CGIAR Launches Seed Breeding Initiative for SDGs
UN Photo/Gill Fickling
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Crops to End Hunger (CtEH) aims to address the “tightly interlinked” challenges of meeting the SDGs on hunger (SDG 2), extreme poverty (SDG 1) and climate change (SDG13).

Twenty CGIAR crops, including cereals, legumes and root crops, were chosen for the breeding initiative, which will develop new varieties to meet the food, nutrition and income needs of producers and consumers, respond to market demands, and provide resilience to pests, diseases and new environmental challenges arising from climate change.

17 October 2019: CGIAR announced a global initiative called Crops to End Hunger (CtEH), which will enhance its contributions to the SDGs through high-priority staple crops bred to meet the specific needs of targeted regions and their populations. The initiative is designed to accelerate and modernize how CGIAR and its partners develop, deliver and scale up the use of new crop varieties.

CtEH was launched on 17 October 2019, at the World Food Prize’s Borlaug Dialogue in Des Moines, Iowa, US.

In 2017 and 2018, a multi-funder group, including the US Agency for International Development, the Bill & Melinda Gates Foundation, the UK Department for International Development, the German Federal Ministry for Economic Cooperation and Development and the Australian Centre for International Agricultural Research partnered to launch a modernization program for public plant breeding in lower-income countries. The resulting CtEH initiative aims to invigorate breeding for the staple crops most important to smallholder farmers and poor consumers, while supporting CGIAR’s “central role and responsibility” for the conservation and characterization of the world’s crop biodiversity.

Twenty CGIAR crops, including cereals, legumes and root crops, were chosen for the breeding initiative, which will develop new varieties to meet the food, nutrition and income needs of producers and consumers, respond to market demands, and provide resilience to pests, diseases and new environmental challenges arising from climate change. The initiative aims to address the “tightly interlinked” challenges of meeting the SDGs on hunger (SDG 2), extreme poverty (SDG 1), and climate change (SDG13).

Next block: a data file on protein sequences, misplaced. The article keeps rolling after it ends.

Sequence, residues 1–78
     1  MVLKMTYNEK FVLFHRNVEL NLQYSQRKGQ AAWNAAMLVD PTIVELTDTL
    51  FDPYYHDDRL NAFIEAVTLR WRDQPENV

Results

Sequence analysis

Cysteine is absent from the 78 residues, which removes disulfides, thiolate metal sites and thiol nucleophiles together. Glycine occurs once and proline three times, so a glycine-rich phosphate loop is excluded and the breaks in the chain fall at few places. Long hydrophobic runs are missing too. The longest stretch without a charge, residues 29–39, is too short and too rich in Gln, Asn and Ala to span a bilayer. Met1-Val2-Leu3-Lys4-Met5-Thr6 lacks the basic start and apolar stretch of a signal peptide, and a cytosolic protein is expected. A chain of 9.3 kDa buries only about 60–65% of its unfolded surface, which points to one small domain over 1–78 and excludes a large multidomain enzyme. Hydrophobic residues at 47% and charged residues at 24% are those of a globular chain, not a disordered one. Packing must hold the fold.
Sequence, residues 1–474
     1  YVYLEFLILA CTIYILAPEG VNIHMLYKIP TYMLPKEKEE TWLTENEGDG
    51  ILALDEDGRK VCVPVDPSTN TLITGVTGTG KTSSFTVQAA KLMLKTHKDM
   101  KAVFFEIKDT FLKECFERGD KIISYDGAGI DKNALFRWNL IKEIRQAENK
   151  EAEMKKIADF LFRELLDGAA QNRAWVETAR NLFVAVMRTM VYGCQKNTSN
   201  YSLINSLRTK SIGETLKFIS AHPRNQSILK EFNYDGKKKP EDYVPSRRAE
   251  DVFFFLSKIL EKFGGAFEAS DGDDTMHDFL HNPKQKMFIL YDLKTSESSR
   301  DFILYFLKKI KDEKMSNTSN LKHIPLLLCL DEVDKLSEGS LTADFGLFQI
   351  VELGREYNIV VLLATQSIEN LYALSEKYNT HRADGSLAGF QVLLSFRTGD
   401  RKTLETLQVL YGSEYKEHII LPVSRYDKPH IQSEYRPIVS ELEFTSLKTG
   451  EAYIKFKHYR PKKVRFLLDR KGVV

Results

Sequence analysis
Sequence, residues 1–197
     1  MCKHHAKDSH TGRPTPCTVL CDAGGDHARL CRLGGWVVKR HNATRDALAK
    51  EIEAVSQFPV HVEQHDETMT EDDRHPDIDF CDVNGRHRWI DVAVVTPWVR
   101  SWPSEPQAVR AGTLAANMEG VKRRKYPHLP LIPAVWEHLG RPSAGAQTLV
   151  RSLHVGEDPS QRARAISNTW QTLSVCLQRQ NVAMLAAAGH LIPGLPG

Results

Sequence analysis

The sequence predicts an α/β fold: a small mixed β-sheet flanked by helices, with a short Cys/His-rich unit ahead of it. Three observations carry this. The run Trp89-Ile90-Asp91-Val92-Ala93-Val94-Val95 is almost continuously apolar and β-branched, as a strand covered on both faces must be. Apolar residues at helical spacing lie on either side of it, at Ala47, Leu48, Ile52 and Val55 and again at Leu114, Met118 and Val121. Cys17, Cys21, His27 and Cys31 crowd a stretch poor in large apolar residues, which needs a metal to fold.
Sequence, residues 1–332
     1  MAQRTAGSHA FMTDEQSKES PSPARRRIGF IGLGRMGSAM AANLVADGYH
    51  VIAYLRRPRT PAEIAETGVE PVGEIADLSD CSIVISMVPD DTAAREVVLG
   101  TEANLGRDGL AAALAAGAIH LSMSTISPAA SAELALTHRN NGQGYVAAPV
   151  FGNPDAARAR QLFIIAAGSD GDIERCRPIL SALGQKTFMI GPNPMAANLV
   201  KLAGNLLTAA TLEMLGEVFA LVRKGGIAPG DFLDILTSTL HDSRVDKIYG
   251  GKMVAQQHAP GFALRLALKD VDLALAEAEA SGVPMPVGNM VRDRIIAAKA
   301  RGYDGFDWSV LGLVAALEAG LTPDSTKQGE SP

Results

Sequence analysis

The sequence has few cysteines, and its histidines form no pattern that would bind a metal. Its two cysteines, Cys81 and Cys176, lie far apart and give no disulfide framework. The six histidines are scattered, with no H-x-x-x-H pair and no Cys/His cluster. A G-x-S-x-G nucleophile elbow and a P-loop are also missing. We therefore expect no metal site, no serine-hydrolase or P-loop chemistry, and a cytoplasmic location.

CGIAR notes that the modernization of its breeding programs will provide multiple benefits. For example, the CtEH is expected to increase the rates of “genetic gain” and the scale of impact through the adoption of farmer-preferred, market-demanded and climate-resilient varieties. The initiative will foster closer cooperation between national breeding programs, national research institutes and universities, and small and medium-sized enterprises in the private sector in low-income countries, as well as multilateral seed companies and advanced research institutes. The CtEH will also adopt standardized ways of reporting needs, opportunities and progress, which will provide funders with a transparent view of their return on investment. 

Ending hunger in our lifetimes is possible, even in the face of the climate emergency, but it requires an urgent transformation of our food system.

Speaking on the initiative, Elwyn Grainger-Jones, CGIAR’s Executive Director said that ending hunger in our lifetimes is possible, even in the face of the climate emergency, but that it requires an urgent transformation of our food system, driven by more innovation and partnerships. [CGIAR Press Release] [CGIAR Website]

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